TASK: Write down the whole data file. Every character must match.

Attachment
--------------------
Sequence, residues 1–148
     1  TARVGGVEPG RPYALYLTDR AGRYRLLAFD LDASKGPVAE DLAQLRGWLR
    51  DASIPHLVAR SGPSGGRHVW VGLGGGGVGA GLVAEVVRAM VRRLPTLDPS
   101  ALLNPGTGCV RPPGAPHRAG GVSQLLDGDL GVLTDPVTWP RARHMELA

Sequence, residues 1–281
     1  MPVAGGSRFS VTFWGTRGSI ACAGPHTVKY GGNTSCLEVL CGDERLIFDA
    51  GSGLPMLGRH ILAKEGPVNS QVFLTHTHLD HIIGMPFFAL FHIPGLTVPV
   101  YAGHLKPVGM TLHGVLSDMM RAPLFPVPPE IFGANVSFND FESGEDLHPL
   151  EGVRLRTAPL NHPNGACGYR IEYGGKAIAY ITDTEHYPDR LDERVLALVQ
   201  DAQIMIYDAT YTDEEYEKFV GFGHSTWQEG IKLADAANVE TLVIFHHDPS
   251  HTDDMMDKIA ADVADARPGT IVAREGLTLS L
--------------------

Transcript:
Sequence, residues 1–148
     1  TARVGGVEPG RPYALYLTDR AGRYRLLAFD LDASKGPVAE DLAQLRGWLR
    51  DASIPHLVAR SGPSGGRHVW VGLGGGGVGA GLVAEVVRAM VRRLPTLDPS
   101  ALLNPGTGCV RPPGAPHRAG GVSQLLDGDL GVLTDPVTWP RARHMELA

Sequence, residues 1–281
     1  MPVAGGSRFS VTFWGTRGSI ACAGPHTVKY GGNTSCLEVL CGDERLIFDA
    51  GSGLPMLGRH ILAKEGPVNS QVFLTHTHLD HIIGMPFFAL FHIPGLTVPV
   101  YAGHLKPVGM TLHGVLSDMM RAPLFPVPPE IFGANVSFND FESGEDLHPL
   151  EGVRLRTAPL NHPNGACGYR IEYGGKAIAY ITDTEHYPDR LDERVLALVQ
   201  DAQIMIYDAT YTDEEYEKFV GFGHSTWQEG IKLADAANVE TLVIFHHDPS
   251  HTDDMMDKIA ADVADARPGT IVAREGLTLS L